MVNO Monday: a guide to the week’s virtual operator developments

27 Apr 2020

Australian MVNO-turned-energy provider amaysim has reportedly hired Luminis Partners to manage a ‘bespoke’ sale of its business. According to the Australian Financial Review, a ‘handful of interested parties’ are performing due diligence on the company – notably private equity firms and utility providers – as amaysim explores its options. Previously, amaysim was dogged with private equity-driven takeover speculation in December 2019, but no deal materialised at that time. The MVNO ended 31 December 2019 with a ‘recurring mobile subscriber base’ of 706,000, including 41,000 acquired via the takeover of smaller MVNO rival Jeenee Communications, which closed on 30 November 2019.

Polish cellco Play has announced that it has entered into a preliminary agreement to buy local MVNO Virgin Mobile Polska for PLN60.7 million (USD14.5 million). Play will acquire 100% of the reseller from its partners and major investors including Delta Partners TMT Emerging Markets Growth Fund II and Dirlango Trading & Investments. Virgin Mobile Polska had an estimated 396,000 customers at the end of 2019. It launched in August 2012, reselling capacity on the Play network.

Lycamobile Uganda has activated its commercial service, offering a mixture of daily, weekly and monthly tariffs, after first unveiling plans to enter the country in January this year. Question marks remain over the company’s status, however, with Lycamobile not appearing on the most recent list (1 April) of licensees published by the Uganda Communications Commission (UCC). Last month local blog Techjaja.com observed that ‘compliance issues regarding the new licensing framework’ had delayed Lycamobile’s commercial launch, restricting it to trial status. It has been suggested that Lycamobile facilitated its launch by acquiring fixed-wireless 4G player Tangerine, although no official confirmation of such a deal has been forthcoming.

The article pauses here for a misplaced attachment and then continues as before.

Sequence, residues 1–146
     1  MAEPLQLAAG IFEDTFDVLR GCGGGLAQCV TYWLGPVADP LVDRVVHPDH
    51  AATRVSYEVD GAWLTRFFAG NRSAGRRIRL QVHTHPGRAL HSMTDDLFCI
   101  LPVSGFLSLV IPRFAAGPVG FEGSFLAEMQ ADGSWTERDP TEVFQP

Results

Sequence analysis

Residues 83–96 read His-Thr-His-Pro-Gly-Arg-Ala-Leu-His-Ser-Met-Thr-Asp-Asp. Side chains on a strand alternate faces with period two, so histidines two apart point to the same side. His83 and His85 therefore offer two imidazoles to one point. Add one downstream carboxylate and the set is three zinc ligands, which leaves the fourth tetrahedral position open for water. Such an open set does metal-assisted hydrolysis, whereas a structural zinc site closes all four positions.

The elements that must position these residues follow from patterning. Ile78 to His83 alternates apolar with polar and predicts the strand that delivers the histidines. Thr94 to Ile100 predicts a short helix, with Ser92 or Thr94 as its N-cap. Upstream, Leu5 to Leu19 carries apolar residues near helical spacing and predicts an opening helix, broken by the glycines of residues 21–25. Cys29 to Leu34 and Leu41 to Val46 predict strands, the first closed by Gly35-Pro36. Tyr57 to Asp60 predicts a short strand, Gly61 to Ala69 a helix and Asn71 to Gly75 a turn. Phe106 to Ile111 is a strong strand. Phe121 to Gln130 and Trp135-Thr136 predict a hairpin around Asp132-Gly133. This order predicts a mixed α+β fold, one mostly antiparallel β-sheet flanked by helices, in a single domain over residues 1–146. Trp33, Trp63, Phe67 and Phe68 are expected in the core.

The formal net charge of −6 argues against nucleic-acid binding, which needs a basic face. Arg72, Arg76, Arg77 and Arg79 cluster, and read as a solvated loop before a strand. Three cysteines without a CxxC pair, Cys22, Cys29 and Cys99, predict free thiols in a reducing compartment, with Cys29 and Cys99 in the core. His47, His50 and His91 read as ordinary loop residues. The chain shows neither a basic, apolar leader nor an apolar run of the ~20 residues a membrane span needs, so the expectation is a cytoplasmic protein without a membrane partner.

Finally, a DISH Network official has informed Light Reading that the satellite TV giant remains focused on its USD1.4 billion acquisition of Sprint sub-brand Boost Mobile despite the uncertainties caused by the COVID-19 pandemic. It is understood that the transaction – one of the pre-conditions of the recent merger between Sprint and larger rival T-Mobile US – must close within one month of the closing of the T-Mobile takeover, which concluded on 1 April. Muddying the waters, it has also been suggested that the deal is permitted to close no later than 15 days after T-Mobile enables DISH with wholesale access to its network – something which the MNO is required to do within 90 days of the aforementioned 1 April takeover. The Boost deal was agreed in July 2019 alongside a USD3.6 billion sale of 800MHz Sprint spectrum. DISH expects to transition from an MVNO to an MNO by 2022.

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